The Euro Consolidates Ahead of the ECB Meeting
The EUR/USD whipsawed and closed near the session highs, as the dollar was initially stronger but lost ground as risk aversion faded. Next week’s ECB and FOMC meeting will drive price action. The ECB has signaled their willingness to terminate their QE, while the Fed is widely expected to increase interest rates by 25-basis points. The German trade surplus narrowed, which reflects shrinking exports while industrial production contracted showing that the German economy is faltering.
The EUR/USD consolidated initially moving lower but rebounding during North American Trade. Support is seen near the 10-day moving average at 1.1695, while resistance is seen near the 50-day moving average at 1.1997. Momentum is positive as the MACD (moving average convergence divergence) histogram prints in the black with an upward sloping trajectory which points to a higher exchange rate. The fast stochastic remain buoyed and is printing a reading of 83, above the overbought trigger level of 80 which could foreshadow a correction.
German trade surplus narrows
German trade surplus narrows as exports decline. Germany reported a trade surplus of EUR 18.4 billion for April, down from EUR 21.6 billion in the previous month. Exports fell -0.3% month over month, while imports rose 2.2% month over month. The unadjusted current account surplus narrowed to EUR 22.7 billion from EUR 29.6 billion, so something for Merkel to argue with in the light of ongoing criticism of Germany’s large trade and current account surpluses.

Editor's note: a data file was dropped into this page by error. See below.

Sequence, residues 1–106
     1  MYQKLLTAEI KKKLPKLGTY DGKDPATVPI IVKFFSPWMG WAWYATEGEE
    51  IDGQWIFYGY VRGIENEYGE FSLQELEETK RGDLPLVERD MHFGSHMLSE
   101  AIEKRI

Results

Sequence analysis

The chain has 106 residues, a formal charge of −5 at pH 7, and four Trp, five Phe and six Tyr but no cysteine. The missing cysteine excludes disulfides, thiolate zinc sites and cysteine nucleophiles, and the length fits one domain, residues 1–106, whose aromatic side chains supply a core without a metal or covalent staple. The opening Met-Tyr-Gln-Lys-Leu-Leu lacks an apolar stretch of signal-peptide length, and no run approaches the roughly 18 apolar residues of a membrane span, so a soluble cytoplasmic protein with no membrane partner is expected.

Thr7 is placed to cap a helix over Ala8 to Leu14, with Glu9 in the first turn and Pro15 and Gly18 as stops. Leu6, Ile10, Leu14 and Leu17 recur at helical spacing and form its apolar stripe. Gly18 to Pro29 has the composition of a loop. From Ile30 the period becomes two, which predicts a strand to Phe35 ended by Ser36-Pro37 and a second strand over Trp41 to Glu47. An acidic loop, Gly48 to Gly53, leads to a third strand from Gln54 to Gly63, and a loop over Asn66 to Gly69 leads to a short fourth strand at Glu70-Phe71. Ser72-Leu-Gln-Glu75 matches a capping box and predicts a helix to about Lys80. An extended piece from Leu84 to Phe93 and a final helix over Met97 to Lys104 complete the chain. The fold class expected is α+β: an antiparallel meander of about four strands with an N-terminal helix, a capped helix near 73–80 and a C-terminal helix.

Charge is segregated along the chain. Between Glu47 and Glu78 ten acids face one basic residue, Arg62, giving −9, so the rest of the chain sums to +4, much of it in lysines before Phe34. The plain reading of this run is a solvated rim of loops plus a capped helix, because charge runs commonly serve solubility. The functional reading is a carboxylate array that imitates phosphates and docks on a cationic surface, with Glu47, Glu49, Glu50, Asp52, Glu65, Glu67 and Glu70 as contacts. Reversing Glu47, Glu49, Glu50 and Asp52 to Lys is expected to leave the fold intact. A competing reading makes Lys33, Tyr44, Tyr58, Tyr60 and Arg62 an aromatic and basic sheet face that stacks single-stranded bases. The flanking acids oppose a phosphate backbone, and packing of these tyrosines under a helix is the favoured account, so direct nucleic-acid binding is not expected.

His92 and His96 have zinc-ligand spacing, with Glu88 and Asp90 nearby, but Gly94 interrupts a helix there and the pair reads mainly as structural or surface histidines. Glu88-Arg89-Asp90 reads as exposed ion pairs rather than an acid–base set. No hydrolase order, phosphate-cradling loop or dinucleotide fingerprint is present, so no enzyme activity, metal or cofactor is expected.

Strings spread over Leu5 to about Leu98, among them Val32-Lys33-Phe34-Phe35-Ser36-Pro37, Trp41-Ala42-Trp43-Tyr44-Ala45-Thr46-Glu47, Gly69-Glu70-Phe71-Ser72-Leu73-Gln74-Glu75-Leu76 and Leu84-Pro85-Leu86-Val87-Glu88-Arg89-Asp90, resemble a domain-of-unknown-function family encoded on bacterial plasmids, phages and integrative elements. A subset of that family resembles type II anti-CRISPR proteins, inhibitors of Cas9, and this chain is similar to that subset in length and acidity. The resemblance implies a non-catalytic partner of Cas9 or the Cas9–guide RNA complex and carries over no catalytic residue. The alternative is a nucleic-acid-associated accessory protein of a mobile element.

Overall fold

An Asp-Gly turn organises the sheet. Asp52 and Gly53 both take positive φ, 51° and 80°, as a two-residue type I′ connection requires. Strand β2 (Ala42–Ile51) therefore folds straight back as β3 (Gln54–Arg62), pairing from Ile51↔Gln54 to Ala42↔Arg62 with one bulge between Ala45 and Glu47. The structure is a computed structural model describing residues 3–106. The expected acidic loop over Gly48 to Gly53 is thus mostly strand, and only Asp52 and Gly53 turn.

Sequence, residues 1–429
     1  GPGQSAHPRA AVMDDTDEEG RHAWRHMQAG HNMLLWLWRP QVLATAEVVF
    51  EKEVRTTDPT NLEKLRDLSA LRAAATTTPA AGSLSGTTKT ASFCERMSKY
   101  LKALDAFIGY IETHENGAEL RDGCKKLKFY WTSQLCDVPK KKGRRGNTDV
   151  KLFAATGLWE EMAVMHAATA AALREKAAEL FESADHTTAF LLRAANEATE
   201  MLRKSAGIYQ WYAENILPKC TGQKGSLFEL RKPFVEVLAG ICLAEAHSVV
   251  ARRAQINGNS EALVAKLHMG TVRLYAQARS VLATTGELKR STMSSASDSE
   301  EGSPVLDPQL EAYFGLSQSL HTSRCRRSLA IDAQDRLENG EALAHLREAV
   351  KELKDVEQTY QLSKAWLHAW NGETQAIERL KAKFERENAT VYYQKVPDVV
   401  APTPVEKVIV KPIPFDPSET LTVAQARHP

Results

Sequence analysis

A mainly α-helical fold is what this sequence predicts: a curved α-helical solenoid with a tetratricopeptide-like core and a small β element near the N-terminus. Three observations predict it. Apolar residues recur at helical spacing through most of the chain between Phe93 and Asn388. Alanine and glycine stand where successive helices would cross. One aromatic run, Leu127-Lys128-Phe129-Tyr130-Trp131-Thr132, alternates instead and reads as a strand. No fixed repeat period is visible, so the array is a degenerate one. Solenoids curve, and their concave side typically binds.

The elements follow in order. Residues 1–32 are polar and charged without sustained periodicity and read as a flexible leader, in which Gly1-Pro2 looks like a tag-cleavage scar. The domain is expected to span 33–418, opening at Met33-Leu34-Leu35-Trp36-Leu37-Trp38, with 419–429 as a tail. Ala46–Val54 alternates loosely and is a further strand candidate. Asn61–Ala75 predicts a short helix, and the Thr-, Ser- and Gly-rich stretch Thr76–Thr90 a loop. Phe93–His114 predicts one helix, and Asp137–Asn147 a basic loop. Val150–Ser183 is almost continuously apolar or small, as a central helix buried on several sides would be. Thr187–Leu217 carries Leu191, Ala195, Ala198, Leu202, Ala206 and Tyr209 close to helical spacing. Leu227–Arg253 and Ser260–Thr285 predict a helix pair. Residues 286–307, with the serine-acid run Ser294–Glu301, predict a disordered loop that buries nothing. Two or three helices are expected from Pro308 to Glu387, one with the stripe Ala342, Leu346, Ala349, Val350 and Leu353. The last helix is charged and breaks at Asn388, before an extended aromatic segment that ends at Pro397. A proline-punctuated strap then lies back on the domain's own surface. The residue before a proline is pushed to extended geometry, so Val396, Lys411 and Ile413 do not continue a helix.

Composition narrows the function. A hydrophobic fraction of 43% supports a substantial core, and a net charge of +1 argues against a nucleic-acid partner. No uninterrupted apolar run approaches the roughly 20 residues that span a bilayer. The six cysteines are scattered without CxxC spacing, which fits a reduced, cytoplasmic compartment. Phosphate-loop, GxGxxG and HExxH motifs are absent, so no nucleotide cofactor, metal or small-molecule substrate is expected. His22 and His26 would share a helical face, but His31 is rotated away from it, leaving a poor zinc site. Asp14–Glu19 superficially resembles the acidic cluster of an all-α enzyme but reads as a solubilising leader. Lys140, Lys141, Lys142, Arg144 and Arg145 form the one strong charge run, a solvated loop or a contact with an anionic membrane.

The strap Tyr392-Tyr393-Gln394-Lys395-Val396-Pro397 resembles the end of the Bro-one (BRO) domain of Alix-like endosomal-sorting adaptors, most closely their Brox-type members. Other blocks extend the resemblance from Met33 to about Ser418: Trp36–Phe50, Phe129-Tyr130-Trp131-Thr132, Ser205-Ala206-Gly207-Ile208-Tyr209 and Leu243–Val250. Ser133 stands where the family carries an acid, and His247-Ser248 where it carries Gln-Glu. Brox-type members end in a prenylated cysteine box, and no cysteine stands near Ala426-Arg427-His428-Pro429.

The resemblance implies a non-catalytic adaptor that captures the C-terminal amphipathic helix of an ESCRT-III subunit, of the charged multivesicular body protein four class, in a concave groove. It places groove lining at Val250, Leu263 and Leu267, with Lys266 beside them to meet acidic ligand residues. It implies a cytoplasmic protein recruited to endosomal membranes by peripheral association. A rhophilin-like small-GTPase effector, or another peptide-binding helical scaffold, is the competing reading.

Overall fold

German industrial production contracted
German industrial production contracted -1.0% month over month. Expectations had been for a slight rise over the month, but after the unexpected slump in orders yesterday, the weak production number is not a total surprise. At the same time, March data were revised up to 1.7% month over month from 1.0% month over month reported initially, so the trajectory is not as weak as the headline suggests. Annual growth slowed to a still healthy 2.0%, but nevertheless the weakness in orders and surveys showing a markedly less optimistic view on the outlook confirm that the German cycle has peaked, and that growth is slowing down. Capacity constraints are partly to blame but worries about the export outlook amid an increasingly hostile trade environment are clearly also having an impact.
French production also disappoints
French production also disappoints. Like the German numbers for April, French production data came in weaker than expected, with the overall reading falling -0.5% month over month, after already declining -0.4% month over month in March. Manufacturing actually held up better and rose 0.4% month over month, after 0.3% month over month in the previous month, with the main drag on overall production coming from another slump in coke and refinery production, as well as electricity and gas. Still, the overall weakness, coupled with the disappointing German numbers adds to signs that the Eurozone recovery is already running out of steam.
U.S. Household net worth rose
U.S. Household net worth rose at a 4.2% rate in Q1 to a $100.8 trillion record-high, from a $99.7 trillion prior record-high in Q4, according to the Fed’s Z.1 report. We expect a 9% growth rate in net worth in Q2, given rising stock and home prices that should allow a 9% asset value rise after the 3.8% Q1 increase, alongside an assumed 4% liability rise after the 1.1% Q1 climb. Net worth in Q1 sat 83% above the $55.0 trillion cyclical-trough in Q1 of 2009. Asset value growth in Q1 included a 7.2% growth pace for real estate, and a 2.5% growth pace for financial asset values. Total liabilities are still just 14.7% above the $13.6 trillion cycle-low in Q1 of 2012 that marked a hefty 7.0% decline from the $14.6 trillion cycle-high in Q3 of 2008 that we have yet to exceed. Before this cycle, outright drops in liabilities were rare, as we last saw a quarterly liability decline in Q1 of 1983 with a 1.9% drop.